Reviews Logo
SearchHomeContents PageSite Map
The Fall of the Kings
Ellen Kushner & Delia Sherman
Bantam/Spectra, 476 pages

Thomas Canty
The Fall of the Kings
Ellen Kushner
Two of Ellen Kushner's novels include Swordspoint and Thomas the Rhymer, which won both a World Fantasy Award and a Mythopoeic Award for best novel of 1990.

ISFDB Bibliography

Delia Sherman
If any of Delia Sherman's work should be remembered, it should be The Porcelain Dove, a novel of intoxicating beauty. She has also contributed short fiction to such anthologies as Bending the Landscape and Ruby Slippers, Golden Tears.

ISFDB Bibliography
SF Site Review: Through A Brazen Mirror
SF Site Review: The Essential Bordertown: A Traveller's Guide to the Edge of Faerie
SF Site Review: The Horns of Elfland

Past Feature Reviews
A review by William Thompson

Blending elements of Anglo-Saxon and Celtic folklore within a highly mannered and urban, if quasi-medieval, setting that at times evidences contemporary undertones, authors Ellen Kushner and Delia Sherman return to the world of Kushner's debut novel, Swordspoint. Five hundred years earlier, a united kingdom was forged by the marriage of King Alcuin and Queen Diane, a marriage of convenience between the North and the South continued by successive kings. They ruled their joint realm with the counsel and occult support of wizards and pagan beliefs inherited from the North, where kings were viewed as an extension of the Land. Identified with what may have been more than mere ritual sacrifice, fertility and allegorical hunts of stags in the forest, the monarchs gained an increasing reputation for despotism and madness, abetted by their cabal of wizards and the threat of sorcery, until ultimately both were overthrown by members of the Southern nobility. Since then, in the two hundred years that have passed, their rule and the practice of magic has been outlawed, consigned to universal derision and censure, an example held up of past excess and bad governance. And through later scholarship, the truth behind their infamous reign has also been freed of the myths and fables associated with the wizards, their magic having been shown to be nothing more than trickery and sleight-of-hand. What legacy remains serves now only as a cautionary tale of tyranny and superstition, a subject for history, and even then but of a small number of scholars. Yet some memories of their reign still linger in song and story, as well as can be viewed in the observance of ancient holidays converted to more modern custom. And, on occasion, rumors filter down from of the North of strange woodland gatherings.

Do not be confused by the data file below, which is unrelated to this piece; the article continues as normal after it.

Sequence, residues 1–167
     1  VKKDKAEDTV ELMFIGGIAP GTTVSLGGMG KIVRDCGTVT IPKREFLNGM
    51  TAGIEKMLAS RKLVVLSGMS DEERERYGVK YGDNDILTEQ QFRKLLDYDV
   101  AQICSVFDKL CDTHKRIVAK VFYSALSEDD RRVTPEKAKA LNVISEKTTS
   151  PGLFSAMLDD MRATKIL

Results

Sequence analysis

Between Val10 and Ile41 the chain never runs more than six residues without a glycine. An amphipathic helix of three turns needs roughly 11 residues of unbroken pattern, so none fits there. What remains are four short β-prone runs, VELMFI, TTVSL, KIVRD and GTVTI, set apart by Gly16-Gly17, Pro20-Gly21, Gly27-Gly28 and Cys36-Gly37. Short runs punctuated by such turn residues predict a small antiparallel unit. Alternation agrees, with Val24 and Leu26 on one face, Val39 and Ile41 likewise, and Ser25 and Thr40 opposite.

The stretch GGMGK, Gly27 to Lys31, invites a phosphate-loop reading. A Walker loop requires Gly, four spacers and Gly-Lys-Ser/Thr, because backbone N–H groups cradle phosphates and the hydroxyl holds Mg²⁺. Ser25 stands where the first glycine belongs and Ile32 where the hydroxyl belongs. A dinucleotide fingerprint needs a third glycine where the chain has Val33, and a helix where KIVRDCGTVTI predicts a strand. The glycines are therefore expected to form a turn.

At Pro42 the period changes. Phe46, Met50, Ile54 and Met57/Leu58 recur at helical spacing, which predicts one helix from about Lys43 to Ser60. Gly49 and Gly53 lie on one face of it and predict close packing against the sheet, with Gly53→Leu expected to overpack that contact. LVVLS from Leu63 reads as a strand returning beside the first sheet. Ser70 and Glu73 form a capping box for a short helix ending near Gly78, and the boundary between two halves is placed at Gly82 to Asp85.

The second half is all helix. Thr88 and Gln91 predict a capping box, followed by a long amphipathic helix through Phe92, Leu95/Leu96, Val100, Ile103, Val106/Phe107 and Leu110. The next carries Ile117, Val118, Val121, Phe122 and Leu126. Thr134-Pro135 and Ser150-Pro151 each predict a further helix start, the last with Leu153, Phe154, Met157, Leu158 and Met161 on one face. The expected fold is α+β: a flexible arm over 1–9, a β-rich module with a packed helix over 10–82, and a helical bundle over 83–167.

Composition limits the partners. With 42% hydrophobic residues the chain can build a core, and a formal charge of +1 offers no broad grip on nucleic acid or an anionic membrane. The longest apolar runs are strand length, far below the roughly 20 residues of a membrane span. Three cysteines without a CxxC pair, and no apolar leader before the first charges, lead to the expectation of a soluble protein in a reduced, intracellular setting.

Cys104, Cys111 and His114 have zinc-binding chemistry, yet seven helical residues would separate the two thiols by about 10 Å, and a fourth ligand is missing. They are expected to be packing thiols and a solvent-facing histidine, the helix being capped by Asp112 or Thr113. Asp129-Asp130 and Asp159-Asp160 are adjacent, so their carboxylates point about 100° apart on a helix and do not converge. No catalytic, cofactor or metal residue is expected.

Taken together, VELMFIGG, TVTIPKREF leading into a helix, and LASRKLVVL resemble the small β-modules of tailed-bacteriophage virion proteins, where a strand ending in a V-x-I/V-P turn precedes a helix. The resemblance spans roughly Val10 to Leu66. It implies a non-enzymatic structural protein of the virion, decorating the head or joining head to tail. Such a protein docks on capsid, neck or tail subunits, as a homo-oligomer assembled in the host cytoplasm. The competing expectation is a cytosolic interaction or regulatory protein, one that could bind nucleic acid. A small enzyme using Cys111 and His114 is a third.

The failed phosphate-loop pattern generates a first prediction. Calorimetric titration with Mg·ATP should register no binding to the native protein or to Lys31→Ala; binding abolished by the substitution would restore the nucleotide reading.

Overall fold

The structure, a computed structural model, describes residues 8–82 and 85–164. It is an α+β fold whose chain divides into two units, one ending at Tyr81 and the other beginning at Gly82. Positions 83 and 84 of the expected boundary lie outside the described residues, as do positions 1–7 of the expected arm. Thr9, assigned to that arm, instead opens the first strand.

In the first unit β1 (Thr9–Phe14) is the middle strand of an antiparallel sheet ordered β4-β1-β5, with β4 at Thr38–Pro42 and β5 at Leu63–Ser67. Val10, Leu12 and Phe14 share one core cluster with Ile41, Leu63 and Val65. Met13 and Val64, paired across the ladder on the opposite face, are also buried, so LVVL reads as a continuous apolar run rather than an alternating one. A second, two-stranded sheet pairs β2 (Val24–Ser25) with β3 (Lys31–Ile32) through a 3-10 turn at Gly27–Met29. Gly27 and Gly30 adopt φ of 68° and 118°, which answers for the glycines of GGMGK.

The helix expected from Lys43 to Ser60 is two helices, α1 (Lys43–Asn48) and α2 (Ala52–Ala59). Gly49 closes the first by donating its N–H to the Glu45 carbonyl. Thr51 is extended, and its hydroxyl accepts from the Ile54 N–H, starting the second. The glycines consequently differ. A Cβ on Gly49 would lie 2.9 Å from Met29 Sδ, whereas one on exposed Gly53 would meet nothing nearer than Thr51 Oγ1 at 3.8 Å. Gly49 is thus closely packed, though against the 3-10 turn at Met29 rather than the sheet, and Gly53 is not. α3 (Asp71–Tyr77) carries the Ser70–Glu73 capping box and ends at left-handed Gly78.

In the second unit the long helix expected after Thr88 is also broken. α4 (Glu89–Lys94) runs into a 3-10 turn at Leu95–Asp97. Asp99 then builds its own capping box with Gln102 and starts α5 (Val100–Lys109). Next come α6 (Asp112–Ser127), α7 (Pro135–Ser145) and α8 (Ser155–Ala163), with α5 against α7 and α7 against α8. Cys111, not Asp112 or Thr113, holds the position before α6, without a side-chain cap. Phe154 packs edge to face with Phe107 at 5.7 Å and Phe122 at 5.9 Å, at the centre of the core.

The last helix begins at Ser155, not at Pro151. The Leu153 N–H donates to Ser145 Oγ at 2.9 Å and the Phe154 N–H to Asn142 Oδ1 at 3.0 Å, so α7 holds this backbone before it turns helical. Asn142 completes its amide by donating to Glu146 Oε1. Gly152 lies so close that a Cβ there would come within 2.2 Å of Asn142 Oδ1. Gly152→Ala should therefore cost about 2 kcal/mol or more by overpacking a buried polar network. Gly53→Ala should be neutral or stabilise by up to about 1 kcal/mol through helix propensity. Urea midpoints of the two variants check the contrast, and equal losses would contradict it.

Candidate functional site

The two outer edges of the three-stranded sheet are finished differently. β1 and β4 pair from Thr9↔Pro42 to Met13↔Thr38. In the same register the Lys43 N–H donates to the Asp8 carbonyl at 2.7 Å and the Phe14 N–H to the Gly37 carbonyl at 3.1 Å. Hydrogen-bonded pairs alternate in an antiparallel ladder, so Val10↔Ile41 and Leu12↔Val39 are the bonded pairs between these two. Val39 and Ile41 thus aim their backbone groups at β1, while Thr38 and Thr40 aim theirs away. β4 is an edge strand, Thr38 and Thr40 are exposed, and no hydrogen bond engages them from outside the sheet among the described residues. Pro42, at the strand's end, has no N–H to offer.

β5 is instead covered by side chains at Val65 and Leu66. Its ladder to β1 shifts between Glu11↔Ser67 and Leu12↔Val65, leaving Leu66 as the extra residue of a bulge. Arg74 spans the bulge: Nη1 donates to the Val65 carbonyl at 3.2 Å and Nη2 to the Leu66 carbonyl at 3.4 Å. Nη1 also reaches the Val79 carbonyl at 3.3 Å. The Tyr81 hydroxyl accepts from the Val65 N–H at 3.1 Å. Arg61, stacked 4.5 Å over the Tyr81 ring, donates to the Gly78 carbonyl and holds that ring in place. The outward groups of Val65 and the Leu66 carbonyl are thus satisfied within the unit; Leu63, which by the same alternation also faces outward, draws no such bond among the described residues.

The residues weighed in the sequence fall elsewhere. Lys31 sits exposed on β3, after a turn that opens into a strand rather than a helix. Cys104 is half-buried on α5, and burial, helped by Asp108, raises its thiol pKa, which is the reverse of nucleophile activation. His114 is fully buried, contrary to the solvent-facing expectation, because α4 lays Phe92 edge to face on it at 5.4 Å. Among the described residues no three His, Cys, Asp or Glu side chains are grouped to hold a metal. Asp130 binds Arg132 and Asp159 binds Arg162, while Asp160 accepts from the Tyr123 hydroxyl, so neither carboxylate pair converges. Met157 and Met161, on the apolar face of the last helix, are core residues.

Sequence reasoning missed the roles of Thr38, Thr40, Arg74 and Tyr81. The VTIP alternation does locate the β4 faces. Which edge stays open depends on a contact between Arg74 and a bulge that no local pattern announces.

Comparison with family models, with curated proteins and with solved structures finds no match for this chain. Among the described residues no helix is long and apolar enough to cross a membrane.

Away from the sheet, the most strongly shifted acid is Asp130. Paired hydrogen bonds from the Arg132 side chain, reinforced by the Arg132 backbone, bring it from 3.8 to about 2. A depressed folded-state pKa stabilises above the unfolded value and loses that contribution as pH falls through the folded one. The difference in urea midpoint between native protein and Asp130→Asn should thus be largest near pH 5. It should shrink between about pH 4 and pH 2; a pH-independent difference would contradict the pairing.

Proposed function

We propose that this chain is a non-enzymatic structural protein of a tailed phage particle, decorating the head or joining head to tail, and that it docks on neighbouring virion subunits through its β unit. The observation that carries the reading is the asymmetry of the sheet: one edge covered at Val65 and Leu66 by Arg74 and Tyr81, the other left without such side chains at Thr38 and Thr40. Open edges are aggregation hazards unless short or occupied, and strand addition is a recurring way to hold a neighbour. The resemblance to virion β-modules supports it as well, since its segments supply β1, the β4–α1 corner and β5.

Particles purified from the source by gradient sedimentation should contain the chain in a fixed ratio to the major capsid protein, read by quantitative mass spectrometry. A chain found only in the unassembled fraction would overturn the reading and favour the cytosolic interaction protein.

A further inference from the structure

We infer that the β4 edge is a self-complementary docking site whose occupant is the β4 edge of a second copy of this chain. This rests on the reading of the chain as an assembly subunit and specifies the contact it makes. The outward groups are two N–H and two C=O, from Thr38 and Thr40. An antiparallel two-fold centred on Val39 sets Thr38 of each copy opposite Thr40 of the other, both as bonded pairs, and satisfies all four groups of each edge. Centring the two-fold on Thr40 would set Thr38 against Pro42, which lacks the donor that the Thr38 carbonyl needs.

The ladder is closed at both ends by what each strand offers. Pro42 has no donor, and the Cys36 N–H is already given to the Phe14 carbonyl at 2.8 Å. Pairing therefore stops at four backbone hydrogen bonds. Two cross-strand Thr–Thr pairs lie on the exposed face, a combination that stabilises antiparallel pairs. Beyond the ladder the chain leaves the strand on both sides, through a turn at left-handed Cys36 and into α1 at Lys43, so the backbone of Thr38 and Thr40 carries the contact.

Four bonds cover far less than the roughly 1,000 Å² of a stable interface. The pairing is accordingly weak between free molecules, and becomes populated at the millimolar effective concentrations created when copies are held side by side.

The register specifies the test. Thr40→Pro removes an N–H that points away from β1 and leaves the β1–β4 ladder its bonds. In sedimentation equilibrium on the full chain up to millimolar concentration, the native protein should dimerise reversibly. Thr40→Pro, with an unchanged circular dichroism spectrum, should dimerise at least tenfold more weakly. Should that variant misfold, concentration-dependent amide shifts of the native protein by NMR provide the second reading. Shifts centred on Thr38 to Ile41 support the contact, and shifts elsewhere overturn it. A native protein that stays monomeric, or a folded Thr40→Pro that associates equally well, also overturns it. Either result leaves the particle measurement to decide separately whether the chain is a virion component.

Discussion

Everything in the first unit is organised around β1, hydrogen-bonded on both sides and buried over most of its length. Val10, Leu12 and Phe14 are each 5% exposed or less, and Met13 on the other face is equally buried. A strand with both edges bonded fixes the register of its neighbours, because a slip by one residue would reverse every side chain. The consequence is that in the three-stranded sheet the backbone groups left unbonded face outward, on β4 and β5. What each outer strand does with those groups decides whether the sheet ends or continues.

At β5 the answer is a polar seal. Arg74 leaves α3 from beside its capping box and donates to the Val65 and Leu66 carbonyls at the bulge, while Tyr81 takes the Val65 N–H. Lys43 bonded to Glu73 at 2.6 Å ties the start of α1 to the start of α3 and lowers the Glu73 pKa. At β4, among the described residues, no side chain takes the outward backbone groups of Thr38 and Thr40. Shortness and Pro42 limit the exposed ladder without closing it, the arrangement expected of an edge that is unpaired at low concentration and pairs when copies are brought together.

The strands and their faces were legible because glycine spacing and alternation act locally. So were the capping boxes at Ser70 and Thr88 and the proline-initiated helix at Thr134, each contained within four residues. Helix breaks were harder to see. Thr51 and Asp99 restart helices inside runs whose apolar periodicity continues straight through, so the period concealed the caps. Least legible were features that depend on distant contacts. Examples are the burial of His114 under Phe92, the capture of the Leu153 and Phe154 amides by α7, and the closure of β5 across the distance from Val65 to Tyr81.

Basil St. Cloud, Doctor of History and candidate for the Horn Chair, is the University's most vocal advocate for the study of the ancient kings, believing their legacy has in part become clouded by the passage of time and the absence of reliable texts following The Fall of the Kings. Those historians that have written of the period have concentrated upon the events surrounding the kings' overthrow, and utilized second if not third-hand accounts of the last monarchs and their progressive degeneracy into madness. Little is known of the earliest kings, and much that has been written has come at the benefit of hindsight, as well as from within the context of a society ruled by the very nobility that overthrew the monarchy. In searching through old archives, St. Cloud has come to suspect that not all the kings were tyrants, nor the wizards that supported them simply charlatans whose reputation for sorcery was used as mere smoke screen to prop up support for the king. He has begun to conclude that there may be more to their story than long-held tenants of current scholarship, or the probable biases and extrapolation of historians who wrote long after events had occurred. Though he continues to dismiss the notion of magic associated with the wizards' influence, he nonetheless perceives that they may have possessed some secret knowledge explainable through empirical methods. And little question in his mind that the early kings were benign, and that their rule initially benefited the kingdom. Potentially dangerous beliefs, even for an academic, but he hopes to prove his theories through additional research and the discovery of long forgotten primary sources.